Brunei Darussalam: Fundamental Rights and Freedoms Violated under the new Shari’a Penal Code

The groups here listed are deeply concerned by the Sultanate of Brunei Darussalam’s announcement of a new penal code based on a strict interpretation of Shari’a law.  We add our voices to the growing concerns of the international community that this move towards stricter Shari’a law demonstrates a disturbing disregard of basic civil and political rights of the people of Brunei.   

Stoning as a cruel form of punishment and discrimination against women

Women’s rights organisations are particularly concerned that the new penal code includes stoning as a punishment for the crime of adultery.  There are 15 countries in which stoning is either practised, legalised, or both, and if this law comes into effect, Brunei will be the sixteenth.

Stoning is not prescribed in the Qur’an or in any other religious texts.  We view the introduction of this penal code as part of a larger retrogressive step for women’s rights and gender equality in the country where spousal rape, for instance, is still tolerated under the Shari’a law. We reiterate our call that no ‘religion’, ‘culture’, or ‘tradition’ should be used to excuse killing and maiming for supposed moral crimes.  While stoning is a method of punishment to be applied to both women and men, the victims in reported cases of stoning are overwhelmingly women.  This stems from the fact that stoning is primarily used for crimes of adultery or other crimes related to moral or sexual conduct.  Patriarchal and misogynist interpretations of religious laws – aimed at controlling women’s basic freedoms of movement and expression and control over their bodies – underlie judicial codes governing sexual relationships and the family [1].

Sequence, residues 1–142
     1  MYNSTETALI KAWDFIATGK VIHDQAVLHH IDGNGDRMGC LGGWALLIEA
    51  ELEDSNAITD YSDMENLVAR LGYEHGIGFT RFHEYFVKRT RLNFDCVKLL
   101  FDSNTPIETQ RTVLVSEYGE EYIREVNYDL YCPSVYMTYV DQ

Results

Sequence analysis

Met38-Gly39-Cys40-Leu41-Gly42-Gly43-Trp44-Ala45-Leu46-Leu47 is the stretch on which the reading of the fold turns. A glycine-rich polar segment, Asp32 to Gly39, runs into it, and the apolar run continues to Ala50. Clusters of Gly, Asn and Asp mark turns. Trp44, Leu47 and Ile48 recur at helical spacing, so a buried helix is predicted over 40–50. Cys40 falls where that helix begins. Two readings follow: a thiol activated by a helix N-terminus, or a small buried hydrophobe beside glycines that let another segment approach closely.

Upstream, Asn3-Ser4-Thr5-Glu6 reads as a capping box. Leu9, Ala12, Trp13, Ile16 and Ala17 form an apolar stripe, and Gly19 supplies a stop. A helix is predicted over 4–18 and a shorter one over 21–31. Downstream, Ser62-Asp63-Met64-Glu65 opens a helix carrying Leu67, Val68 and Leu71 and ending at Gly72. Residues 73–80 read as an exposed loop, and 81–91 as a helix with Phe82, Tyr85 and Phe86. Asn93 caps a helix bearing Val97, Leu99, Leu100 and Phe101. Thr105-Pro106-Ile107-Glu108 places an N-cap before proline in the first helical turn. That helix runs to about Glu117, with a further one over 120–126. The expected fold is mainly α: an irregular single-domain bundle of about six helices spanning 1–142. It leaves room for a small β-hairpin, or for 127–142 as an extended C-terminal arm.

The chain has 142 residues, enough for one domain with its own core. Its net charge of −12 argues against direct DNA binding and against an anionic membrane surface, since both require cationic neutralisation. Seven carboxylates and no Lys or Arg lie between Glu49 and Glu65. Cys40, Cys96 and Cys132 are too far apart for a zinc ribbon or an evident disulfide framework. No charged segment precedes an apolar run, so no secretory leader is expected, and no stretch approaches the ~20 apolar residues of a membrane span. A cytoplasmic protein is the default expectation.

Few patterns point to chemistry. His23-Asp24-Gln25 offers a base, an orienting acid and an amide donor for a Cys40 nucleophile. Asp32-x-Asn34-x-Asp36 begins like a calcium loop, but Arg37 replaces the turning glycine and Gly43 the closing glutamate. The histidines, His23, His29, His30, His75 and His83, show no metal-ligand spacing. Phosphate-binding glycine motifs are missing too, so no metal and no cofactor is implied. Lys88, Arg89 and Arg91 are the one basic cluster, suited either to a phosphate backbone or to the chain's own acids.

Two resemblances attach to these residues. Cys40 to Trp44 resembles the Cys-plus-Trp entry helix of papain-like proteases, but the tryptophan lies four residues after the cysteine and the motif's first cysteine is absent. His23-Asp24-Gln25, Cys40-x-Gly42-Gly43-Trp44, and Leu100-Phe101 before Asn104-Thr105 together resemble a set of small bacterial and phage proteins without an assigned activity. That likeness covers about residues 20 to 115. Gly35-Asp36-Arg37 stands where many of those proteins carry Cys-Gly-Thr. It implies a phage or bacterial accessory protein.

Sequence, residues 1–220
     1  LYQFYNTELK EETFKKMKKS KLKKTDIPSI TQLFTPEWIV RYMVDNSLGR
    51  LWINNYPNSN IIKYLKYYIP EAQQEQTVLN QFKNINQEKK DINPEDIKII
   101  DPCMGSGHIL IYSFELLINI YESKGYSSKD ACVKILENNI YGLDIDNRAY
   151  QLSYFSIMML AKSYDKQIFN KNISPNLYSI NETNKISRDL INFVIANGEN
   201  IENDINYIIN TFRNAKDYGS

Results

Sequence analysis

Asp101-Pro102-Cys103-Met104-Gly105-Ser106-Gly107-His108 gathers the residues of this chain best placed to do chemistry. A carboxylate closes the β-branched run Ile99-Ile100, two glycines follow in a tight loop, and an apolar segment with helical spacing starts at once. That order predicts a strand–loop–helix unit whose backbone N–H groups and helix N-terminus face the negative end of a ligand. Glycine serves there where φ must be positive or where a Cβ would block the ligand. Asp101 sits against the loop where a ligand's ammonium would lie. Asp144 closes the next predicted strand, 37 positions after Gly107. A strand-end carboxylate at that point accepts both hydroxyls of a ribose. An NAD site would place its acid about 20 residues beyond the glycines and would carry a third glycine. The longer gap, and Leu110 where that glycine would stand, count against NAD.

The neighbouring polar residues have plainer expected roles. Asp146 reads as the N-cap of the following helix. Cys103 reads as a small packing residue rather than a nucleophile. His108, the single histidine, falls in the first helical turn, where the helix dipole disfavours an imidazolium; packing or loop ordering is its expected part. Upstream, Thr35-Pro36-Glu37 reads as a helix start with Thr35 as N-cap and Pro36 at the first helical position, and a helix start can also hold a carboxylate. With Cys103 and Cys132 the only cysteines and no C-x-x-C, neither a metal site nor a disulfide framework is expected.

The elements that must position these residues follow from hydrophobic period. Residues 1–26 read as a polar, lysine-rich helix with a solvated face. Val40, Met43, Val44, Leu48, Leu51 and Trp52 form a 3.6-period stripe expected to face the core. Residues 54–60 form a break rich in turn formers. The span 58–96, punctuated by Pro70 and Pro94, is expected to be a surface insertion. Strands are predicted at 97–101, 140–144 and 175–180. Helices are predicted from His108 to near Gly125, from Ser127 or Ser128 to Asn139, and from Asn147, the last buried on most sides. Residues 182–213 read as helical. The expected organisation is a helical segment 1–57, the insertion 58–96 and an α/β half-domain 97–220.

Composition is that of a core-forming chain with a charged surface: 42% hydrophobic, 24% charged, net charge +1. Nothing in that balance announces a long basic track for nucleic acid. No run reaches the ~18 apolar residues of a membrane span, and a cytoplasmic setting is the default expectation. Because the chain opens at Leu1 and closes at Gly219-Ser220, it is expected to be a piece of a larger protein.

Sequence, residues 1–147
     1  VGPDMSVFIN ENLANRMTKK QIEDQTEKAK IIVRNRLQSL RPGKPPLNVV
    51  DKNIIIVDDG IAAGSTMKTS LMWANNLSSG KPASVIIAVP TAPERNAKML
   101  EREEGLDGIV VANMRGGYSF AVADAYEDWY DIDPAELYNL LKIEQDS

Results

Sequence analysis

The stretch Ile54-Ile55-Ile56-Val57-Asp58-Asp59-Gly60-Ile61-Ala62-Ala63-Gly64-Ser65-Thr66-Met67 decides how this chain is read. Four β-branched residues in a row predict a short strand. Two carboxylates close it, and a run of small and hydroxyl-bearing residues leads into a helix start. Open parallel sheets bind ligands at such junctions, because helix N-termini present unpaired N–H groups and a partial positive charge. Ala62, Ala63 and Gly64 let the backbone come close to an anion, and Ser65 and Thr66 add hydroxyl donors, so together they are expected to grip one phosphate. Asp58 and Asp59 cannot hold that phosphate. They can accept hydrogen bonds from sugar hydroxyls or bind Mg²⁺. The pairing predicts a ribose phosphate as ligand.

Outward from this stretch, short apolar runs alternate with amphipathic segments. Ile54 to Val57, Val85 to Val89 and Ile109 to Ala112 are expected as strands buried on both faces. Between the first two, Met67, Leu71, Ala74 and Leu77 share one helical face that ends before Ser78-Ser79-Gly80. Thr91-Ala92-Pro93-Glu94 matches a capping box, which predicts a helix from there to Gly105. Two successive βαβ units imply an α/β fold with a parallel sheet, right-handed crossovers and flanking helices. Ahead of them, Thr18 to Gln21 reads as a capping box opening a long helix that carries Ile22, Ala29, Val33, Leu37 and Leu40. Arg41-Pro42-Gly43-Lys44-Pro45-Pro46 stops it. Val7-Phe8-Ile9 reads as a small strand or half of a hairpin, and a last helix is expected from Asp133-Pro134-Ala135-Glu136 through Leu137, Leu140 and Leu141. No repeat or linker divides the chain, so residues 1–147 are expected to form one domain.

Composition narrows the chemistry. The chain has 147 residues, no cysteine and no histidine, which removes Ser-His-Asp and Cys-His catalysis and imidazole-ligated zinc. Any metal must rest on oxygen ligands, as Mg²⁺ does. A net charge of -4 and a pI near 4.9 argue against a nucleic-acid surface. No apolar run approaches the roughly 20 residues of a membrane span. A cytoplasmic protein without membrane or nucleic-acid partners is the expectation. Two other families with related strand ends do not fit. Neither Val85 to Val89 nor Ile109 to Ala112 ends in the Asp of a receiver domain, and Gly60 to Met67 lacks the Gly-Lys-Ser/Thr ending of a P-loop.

Human rights and stoning

The Universal Declaration for Human Rights (UDHR) is the basis of the two international human rights treaties that Brunei has signed and acceded to: the UN Convention on the Elimination of All Forms of Discrimination Against women (CEDAW) and the UN Convention on the Rights of the Child (CRC).   As a State party to these two Conventions, Brunei has the obligation to respect, protect, and fulfil these rights to all its citizens. 

Under the UDHR, the penal code will be in violation of  the right to  life,  liberty, and security of person (Article 3);  the right not to be subjected to torture or to cruel, inhuman, or degrading treatment or punishment (Article 5); the right to recognition everywhere as a person before the law (Article 6); the right to be treated as equal  before the law and entitlement without any discrimination to equal protection of the law (Article 7); the right to an effective remedy by the competent national tribunals for acts violating the fundamental rights granted by the Constitution or by law (Article 8), the right not to be subjected to arbitrary arrest, detention, or exile (Article 9); and the right to be entitled in full equality to a fair and public hearing by an independent and impartial tribunal, in the determination of his rights and obligations and of any criminal charge against him.

In 2007, the United Nations General Assembly, where Brunei is represented, called for a worldwide moratorium on executions [2].  Although Brunei has not ratified the International Covenant on Civil and Political Rights (ICCPR), it is also expected to abide by the standards in this Covenant.  For instance, the Human Rights Committee has noted that when the death penalty is applied by a State party for the most serious crimes, it must be carried out in such a way as to cause the least possible physical and mental suffering [3]. The practise of stoning clearly does not fulfill this recommendation.